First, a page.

Cliffs & Oceans: a devotional

Dear readers, it's been a while. Thank you for your views and comments on my blog over the time I was inactive, and also your encouragement to return. I have a few blogs prepped and ready to go, and plan to release them over the next several weeks. As a first-in-a-while post, I have a devotional that I penned in personal prayer time from about a year ago. I hope it blesses you. I called it, "Cliffs & Oceans". I hope you enjoy!




"Cliffs & Oceans"


I remember being a boy and learning to swim. My dad taught me in a pool in our backyard: an enclosed, controlled environment ... and that's all wrong.


It’s all wrong because swimming in pools is quite a different matter from swimming in an ocean. Indoor or outdoor pools have no currents, but oceans do. Oceans also have living, biological things in them: fish, algae, even sharks – entities I will never encounter in the safety of a pool. Mind you, pools are fun to swim in, but there is no danger around you. Also, there is no progress. These enclosed environments do not afford you any ability to go a great distance.


But the ocean does.


In oceans, you can traverse vast distances between shores: the liquid chasm between where you would be and where you are.


A stretched-out path of the watery unknown from here to there.


Even though you will always be safe in the pool, will you dare to venture? Make the journey in an open ocean? Brave the unknown: the creatures you’ll encounter? The eddies: the push-and-pull, up-and-down of the currents and waves? Will you swim in its vastness? Will you go?


Cliffs are a lot like oceans. To step over one means to go into that which you expect to end you. To leap to your death. Except that leap is exactly what parasailers, parachutists, hang-gliders, and diving board swimmers must do: LEAP off the edge of what is known, and carry with you the implements that bring you places that you'd never experience away from the cliff’s edge. Are you dying when you leap off that cliff, or are you entering an adventure of the diver, the sailor, the skydiver, and the glider? Is your journey stopping, or merely beginning?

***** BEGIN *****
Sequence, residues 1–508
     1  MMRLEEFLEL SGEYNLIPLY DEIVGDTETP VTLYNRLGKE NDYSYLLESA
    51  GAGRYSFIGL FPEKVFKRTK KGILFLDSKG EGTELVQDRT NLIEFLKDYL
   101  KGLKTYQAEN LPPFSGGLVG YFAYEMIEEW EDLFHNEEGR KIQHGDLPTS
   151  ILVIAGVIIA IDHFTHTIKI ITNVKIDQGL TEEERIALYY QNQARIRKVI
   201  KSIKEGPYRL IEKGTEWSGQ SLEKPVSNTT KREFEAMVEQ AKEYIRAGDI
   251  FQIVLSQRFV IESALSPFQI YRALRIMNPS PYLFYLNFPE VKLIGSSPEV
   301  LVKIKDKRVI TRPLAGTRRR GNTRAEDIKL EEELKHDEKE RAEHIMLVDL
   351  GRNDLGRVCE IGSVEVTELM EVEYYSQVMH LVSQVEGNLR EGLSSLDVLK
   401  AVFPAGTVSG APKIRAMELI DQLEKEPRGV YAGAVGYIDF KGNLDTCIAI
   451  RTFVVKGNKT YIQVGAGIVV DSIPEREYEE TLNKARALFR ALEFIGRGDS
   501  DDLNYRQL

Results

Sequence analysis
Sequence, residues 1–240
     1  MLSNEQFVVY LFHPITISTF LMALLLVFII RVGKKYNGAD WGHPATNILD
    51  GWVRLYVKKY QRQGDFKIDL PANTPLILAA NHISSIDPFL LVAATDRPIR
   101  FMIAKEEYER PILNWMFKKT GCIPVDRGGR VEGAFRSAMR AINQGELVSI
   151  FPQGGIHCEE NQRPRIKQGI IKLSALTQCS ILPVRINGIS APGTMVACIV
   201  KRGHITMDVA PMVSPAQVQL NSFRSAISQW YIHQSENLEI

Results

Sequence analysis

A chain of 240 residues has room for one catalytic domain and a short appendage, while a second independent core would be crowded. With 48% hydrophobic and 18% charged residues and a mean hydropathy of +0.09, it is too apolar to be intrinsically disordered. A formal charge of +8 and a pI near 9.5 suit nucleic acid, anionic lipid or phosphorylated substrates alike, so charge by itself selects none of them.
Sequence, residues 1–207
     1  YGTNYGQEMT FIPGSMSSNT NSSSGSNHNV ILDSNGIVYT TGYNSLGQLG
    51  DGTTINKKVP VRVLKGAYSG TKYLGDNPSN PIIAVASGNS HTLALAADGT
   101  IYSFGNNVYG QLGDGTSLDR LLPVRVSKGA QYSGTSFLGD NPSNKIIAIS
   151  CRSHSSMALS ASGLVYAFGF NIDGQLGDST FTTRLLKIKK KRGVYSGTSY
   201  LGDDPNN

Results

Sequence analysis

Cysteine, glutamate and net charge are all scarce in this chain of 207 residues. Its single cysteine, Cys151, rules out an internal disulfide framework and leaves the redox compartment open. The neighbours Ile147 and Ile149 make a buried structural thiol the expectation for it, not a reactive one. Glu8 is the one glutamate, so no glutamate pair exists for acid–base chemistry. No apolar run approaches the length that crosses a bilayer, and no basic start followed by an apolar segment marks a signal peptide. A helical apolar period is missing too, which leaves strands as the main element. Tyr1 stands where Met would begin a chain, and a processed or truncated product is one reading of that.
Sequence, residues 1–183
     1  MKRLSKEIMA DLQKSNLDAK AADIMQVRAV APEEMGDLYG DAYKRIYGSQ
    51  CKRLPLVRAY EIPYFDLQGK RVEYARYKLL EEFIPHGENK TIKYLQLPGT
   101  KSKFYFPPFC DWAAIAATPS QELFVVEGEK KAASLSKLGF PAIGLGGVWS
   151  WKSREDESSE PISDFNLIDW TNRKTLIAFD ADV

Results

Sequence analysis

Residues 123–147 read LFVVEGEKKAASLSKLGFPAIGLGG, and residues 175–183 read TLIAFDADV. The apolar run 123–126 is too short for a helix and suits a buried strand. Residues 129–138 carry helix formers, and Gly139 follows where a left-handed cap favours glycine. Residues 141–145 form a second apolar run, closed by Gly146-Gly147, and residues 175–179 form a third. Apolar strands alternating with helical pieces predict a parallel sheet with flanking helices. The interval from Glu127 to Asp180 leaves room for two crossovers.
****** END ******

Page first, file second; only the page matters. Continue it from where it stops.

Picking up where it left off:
Ocean-travelers do not actually swim: that’s not how they travel in the seas. The rules of the shallow waters of the pool do not translate into the large journeys of an ocean. For that, you need a vessel.


I sway my arms and paddle in a pool: that’s how I travel there. But in the ocean, I need a different thinking-process. I need to change my approach.


It *is* possible to swim across the English Channel from Britain to France, but that’s NOT how any reasonable person would do it: they’d want the SAFETY of a BOAT! The vessel is SAFETY from the currents and creatures of unruly waters.


Such a vessel is the vehicle of the ocean-traveler. The man who swims can travel alone, but he merely paddles and hopes never to encounter any of the creatures and predators of the great sea. The man in the vessel rarely if ever travels alone. The cost of travel is surely greater in the vessel, but it is the only way to traverse the vastness of the waters.


Today, I declare my need for the vessel: The Church; what so many hymns call "The Ship of Zion".  I can attempt to travel solo - swim by myself - but we all know the quiet truth that no ocean-traveler goes without a vessel. We need each other. We need the body of Christ. We need the services, the prayers, the songs, the sermons, the altars, the fellowship ... all of it. Today, I thank God for providing a Spiritual home for myself and every one of us. I am thankful for His people. I am thankful for the church.











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